Step 3: Getting It Ready

The House

A home is nearly never ready to market immediately. There are always things to be done that improve the buyers’ experiences and thereby improve the odds of the maximizing your sale price. But we understand, we don’t live in a perfect world, and it’s not always feasible to do “everything.”

We can help provide a hierarchy of priorities that will maximize your return and achieve you goals. Painting? Trim? A loose shingle? A basement that floods? We think ahead – not just about the buyers’ fist visits, but also about the inevitable home inspection. We can recommend great service providers. And we can be there if you can’t.

 

In our market, you are typically selling a home that is “done/redone”, “new” “up-to-date” if it has: granite/marble/quart countertops, renovated baths with fixtures not more than 15 years old, floors that are in great condition, no cracks in the walls or ceilings, paint that is of a modern palate and unblemished, and window dressings that are tidy, tasteful and clean. Buyers expect a home that has older countertops, dingy carpeting or scratched floors, old/out-dated baths and paint that is cracked or stained to be priced accordingly. Many buyers have a hard time seeing through these minor defects. It is very important to address as many of these kinds of items as you can before listing your house. We can help you lay out a path that is within your budget.

The Stuff

“Staging” is extraordinarily important. But you don’t always need to hire a stager or move our and rent furniture. The first step is to DE-CLUTTER. To make your home look like a photo in Real Simple Magazine — which is what will maximize the buyer’s experience — it needs to be as impersonal, simple, clean, and serene as possible.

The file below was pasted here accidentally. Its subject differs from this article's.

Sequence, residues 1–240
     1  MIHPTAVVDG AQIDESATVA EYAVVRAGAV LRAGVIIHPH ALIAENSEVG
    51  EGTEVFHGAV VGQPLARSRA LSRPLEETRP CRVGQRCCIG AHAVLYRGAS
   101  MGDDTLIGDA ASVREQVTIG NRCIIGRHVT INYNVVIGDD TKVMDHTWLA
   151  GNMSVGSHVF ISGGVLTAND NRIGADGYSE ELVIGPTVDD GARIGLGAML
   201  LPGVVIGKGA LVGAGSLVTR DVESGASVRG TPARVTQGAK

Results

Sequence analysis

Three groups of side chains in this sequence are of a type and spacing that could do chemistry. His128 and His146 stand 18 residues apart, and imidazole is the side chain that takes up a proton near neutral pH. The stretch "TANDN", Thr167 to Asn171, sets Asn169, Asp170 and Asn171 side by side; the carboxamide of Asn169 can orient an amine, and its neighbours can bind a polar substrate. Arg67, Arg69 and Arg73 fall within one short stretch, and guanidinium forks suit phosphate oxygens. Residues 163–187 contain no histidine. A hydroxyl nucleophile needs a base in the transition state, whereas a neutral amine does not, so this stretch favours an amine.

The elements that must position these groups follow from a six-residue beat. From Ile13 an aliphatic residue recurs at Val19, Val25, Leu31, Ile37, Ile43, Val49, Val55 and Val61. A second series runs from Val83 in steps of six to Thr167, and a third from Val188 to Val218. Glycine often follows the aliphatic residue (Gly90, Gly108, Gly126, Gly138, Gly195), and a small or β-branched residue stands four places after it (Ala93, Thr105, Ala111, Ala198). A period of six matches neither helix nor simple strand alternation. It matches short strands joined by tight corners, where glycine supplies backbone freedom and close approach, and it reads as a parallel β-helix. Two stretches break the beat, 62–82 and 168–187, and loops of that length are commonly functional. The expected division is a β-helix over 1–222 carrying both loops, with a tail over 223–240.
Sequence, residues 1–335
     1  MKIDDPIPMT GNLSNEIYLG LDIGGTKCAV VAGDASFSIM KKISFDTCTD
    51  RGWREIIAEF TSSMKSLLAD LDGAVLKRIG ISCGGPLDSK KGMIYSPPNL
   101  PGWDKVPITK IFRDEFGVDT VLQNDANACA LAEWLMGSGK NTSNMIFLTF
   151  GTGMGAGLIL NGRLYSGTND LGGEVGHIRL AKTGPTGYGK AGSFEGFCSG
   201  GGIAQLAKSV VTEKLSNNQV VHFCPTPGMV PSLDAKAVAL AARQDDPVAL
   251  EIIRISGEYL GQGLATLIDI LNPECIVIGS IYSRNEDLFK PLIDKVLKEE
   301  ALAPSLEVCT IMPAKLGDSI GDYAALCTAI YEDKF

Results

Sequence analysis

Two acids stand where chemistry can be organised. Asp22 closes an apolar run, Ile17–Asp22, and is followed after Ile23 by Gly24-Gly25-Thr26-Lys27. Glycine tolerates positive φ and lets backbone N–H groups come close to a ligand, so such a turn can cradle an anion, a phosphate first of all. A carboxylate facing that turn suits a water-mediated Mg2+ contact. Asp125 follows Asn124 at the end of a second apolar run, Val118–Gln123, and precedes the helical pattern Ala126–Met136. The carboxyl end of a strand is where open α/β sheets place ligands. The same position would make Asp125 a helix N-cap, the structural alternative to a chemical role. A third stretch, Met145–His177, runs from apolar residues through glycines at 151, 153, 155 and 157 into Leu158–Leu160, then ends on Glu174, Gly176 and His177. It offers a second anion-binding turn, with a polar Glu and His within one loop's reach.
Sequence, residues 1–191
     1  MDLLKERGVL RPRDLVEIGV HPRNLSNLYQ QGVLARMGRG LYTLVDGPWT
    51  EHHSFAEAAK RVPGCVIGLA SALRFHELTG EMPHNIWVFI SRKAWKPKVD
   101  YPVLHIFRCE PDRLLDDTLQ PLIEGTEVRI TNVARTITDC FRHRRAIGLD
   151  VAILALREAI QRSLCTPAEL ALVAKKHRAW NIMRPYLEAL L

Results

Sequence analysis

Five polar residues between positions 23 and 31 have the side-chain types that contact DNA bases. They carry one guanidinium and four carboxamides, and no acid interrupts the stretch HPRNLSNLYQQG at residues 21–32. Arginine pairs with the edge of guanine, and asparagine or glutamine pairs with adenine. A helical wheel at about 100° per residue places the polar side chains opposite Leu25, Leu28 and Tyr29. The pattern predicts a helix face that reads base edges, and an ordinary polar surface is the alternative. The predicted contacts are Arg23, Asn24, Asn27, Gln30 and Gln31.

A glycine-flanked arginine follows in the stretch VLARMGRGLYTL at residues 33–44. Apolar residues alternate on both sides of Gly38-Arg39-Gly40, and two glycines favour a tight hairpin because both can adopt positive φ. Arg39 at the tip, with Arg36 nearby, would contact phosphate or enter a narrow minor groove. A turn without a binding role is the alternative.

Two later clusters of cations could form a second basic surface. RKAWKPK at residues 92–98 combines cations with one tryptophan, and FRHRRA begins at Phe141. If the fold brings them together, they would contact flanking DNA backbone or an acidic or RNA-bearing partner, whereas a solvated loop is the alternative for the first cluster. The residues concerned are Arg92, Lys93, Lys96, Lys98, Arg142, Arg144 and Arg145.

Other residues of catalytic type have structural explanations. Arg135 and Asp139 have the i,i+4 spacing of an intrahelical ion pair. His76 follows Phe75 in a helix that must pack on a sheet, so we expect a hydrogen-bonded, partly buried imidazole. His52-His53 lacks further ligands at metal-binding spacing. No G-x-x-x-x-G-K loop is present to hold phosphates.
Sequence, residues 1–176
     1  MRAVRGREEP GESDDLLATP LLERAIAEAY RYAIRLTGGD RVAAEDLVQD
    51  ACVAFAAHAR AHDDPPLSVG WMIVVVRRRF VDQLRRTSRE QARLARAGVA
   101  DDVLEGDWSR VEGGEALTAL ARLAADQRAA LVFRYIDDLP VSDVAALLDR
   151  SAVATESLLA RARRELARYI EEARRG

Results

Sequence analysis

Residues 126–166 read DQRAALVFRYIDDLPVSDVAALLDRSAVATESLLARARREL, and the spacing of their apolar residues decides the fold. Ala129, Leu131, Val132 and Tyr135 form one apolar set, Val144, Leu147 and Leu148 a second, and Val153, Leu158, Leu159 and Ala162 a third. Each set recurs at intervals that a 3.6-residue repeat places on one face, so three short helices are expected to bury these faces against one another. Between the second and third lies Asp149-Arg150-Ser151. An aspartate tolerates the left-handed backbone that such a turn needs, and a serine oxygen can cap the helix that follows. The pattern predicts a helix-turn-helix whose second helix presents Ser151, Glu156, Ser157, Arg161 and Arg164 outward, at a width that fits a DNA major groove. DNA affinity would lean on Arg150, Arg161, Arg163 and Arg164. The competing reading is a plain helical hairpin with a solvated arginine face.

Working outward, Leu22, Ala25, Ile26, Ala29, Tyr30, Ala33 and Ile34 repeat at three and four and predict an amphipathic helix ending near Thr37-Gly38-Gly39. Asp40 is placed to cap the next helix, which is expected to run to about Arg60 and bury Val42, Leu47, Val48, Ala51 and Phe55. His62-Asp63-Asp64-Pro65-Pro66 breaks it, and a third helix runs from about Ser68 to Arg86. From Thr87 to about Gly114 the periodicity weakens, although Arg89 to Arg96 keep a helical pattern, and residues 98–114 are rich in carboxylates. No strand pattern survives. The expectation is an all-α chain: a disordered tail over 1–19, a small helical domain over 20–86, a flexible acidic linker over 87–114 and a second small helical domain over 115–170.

Steps to “staging” a house you’re living in:

  1. Separate: The items you treasure, that are personal but not necessary until you’re in your new house, should be packed in boxes and stored for the move. Pack off-season clothes. Pack knick-knacks. Pack collections. Pack any photos, any art that is not “neutral”. Pack books. Pack as much as you possibly can.*
  2. Trash: If it’s not important enough for you to take, and it doesn’t add anything, get rid of it. If it’s something useable, donate it (Try Household Goods, formerly HGRM, in Acton, or, for items they don’t accept, Mimsy and Tucker, our dynamic duo of good deeds may be able to take any useable items for Bay Cove Human Services). Don’t forget the swap table or craigslist!
  3. Organize what remains. Organize inside your closet. Tidy your shoes. Buyers look inside your closets, open your cabinets, and see your linens. Tidy closets at about 30-50% capacity are the best. *
  4. Clean.*
  5. Rearrange. The way we live in our spaces isn’t always the way that takes the best photos. We can help with this part, and we always rearrange some during photos.

*We can help you hire someone for all these steps

If you are not living in the house and you want to maximize what buyers will pay, we recommend fully staging. The price tag for that is high, so we can help you be selective if you need to.